The aim of the present review is to discuss the role of mesenchymal stem cells (MSCs), which are known to possess regulatory functions on the immune system, as a means of alleviating or eliminating the more severe consequences of the cytokine storm along with pneumonia, two symptoms most commonly associated with death in infected patients.

2. COVID-19-induced pneumonia

Pneumonia refers to the filling of air vesicles in the lung with an inflammatory fluid. Viruses, bacteria and rarely even fungal infections cause pneumonia as a complication of infection. These pathogens begin to attack cells that form the lining of the lungs and inflame small sacs where gaseous exchange occurs. The breathing of a patient becomes shorter and harder, and as the cells die, the lungs become filled with fluids and debris further reducing breathing capacity, and secondary infections can develop as a result. This condition is called pneumonia. In severe cases, the patient requires a respirator to assist their breathing, although the ventilator may not prove effective in some individuals, and this is dependent on the specific reaction of a patient's immune system. That is, the response mounted by the immune system will dictate a patient's outcome. The immune system of critically ill patients becomes overly activated, a condition called cytokine storm, where a large number of white blood cells are activated and release inflammatory cytokines that further activate more white blood cells (18,19).

Pneumonia appears to be the most common severe manifestation of COVID-19, distinguished primarily by fever, dry cough, dyspnoea and bilateral infiltrates on chest imaging (18). Models to predict outcomes of patients infected with COVID-19 take into account three factors: i) The severity of the infection, host response, physiological reserve and comorbidities; ii) the ventilatory responsiveness of the patient to hypoxemia and the time elapsed between the onset of the disease; and iii) the unique observations/manifestations in patients and the capacity of individual hospitals to manage patients. The balance between these factors leads to the development of a time-related disease spectrum with two primary phenotypes. Type L is characterized by low elastance, low ventilation-to-perfusion ratio, low lung weight and a low capacity to recruit immune system actors. Type H is characterized by high elastance, high right-to-left shunt, high lung weight and high a high capacity to recruit immune system actors (19-22).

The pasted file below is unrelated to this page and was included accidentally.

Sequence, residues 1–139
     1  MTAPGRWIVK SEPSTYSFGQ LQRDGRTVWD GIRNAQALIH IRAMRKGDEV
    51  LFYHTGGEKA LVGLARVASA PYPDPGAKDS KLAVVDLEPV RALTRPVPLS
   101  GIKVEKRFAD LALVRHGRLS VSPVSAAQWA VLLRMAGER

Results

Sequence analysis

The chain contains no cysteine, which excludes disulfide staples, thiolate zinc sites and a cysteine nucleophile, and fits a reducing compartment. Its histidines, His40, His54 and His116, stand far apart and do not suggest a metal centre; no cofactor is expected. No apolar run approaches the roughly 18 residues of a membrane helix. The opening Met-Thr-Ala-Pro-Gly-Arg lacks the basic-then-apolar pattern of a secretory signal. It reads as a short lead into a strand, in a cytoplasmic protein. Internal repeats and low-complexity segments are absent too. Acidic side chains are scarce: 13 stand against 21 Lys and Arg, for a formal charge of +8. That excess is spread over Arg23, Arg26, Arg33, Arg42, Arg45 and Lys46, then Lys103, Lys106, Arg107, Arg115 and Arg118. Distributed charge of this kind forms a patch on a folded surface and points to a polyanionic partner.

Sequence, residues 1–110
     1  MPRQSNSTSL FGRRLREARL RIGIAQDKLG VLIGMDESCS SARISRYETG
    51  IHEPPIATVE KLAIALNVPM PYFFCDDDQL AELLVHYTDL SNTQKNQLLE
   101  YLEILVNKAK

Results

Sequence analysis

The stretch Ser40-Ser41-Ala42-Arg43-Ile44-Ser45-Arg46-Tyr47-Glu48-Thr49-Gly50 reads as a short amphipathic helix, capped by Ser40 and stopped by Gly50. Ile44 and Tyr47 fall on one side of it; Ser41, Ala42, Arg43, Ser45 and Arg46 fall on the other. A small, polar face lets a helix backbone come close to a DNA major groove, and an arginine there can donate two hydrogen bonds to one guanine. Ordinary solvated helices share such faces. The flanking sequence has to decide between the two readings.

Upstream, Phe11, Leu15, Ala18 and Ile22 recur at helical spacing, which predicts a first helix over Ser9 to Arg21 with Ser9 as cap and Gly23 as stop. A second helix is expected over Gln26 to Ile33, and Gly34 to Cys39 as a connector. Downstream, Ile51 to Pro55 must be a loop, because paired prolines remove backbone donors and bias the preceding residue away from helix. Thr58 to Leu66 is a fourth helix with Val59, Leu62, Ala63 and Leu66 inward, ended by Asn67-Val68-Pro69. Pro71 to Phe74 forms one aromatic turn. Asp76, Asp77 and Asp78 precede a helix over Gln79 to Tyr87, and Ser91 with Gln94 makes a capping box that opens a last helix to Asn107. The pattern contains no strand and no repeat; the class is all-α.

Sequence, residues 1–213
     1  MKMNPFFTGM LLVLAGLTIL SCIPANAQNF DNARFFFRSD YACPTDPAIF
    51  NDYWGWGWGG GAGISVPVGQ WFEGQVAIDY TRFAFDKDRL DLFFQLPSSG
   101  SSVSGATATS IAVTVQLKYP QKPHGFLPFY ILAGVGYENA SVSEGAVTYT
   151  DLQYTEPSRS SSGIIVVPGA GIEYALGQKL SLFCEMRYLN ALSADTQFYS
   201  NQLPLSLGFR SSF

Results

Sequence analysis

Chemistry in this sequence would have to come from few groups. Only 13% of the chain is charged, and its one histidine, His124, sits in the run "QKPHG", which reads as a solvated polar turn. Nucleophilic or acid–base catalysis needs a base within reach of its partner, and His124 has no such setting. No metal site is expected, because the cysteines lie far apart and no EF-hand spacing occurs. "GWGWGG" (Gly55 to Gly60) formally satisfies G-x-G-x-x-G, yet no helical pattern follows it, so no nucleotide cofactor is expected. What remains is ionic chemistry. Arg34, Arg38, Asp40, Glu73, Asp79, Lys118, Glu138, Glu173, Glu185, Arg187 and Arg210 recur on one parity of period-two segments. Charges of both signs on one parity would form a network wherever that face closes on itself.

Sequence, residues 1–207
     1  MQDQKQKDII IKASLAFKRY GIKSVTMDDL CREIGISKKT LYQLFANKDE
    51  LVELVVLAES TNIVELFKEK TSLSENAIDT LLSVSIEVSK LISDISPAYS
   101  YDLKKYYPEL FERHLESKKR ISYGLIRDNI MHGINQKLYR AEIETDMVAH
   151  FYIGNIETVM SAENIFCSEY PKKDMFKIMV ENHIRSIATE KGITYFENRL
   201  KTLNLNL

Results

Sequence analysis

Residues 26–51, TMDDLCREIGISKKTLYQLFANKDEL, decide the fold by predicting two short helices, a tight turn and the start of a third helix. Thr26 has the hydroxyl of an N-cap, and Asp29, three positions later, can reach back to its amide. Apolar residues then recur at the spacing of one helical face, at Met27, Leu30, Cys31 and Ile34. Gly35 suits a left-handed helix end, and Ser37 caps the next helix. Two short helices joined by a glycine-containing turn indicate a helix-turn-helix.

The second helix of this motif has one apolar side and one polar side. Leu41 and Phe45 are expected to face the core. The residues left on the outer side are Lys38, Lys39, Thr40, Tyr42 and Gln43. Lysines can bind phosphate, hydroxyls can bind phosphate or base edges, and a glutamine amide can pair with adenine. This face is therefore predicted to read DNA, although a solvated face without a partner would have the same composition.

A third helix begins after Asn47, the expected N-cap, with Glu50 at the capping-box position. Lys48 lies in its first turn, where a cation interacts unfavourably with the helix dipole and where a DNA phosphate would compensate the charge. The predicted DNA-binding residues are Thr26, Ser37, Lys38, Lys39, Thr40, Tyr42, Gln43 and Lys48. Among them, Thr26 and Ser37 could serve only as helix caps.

3. Cytokine storm

Cytokine storm syndrome refers to a range conditions which ultimately manifests as systemic inflammation, multi-organ failure, hyperferritinemia and, if untreated, often death (23). Numerous pathogenic viruses and bacteria have been found to induce cytokine storms or hypercytokinemia (24-26). These pathogens disrupt the balance between a physiological and pathophysiological inflammatory response, pushing from being beneficial to destructive via positive feedback in immune cells and upregulation of proinflammatory markers, in particular cytokines such as TNF-α, IL-1β, IL-8 and IL-6. This results in symptoms such as hypotension, fever and oedema, and may eventually result in organ dysfunction and death (27).

Pathogen-induced lung injury can progress to acute lung injury or its more severe form, acute respiratory distress syndrome (ARDS), as observed with patients infected with SARS-CoV or influenza viruses (28). A hallmark of SARS-CoV-2 pathogenesis is the presence of a cytokine storm in the lungs (29). One of the primary mechanisms underlying development of ARDS is the cytokine storm, a deadly uncontrolled systemic inflammatory response resulting from the release of large amounts of pro-inflammatory cytokines (IFN-α, IFN-γ, IL-1β, IL-6, IL-12, IL-18, IL-33, TNF-α and TGF-β, amongst others) and chemokines (CCL2, CCL3, CCL5, CXCL8, CXCL9 and CXCL10, amongst others) by immune effector cells in response to SARS-CoV infection (14,30-32). The cytokine storm initiates a violent attack by the immune system on the host body, resulting in ARDS and multiple organ failure and ultimately death in severe cases of SARS-CoV-2 infection, similar to that observed in patients who were infected with SARS-CoV and MERS-CoV (33). IL-1β is a key cytokine driving proinflammatory activity in bronchoalveolar lavage fluid of patients with lung injury (28). Pathophysiological levels of inflammation in the lungs also can have other systemic effects on other organs (34).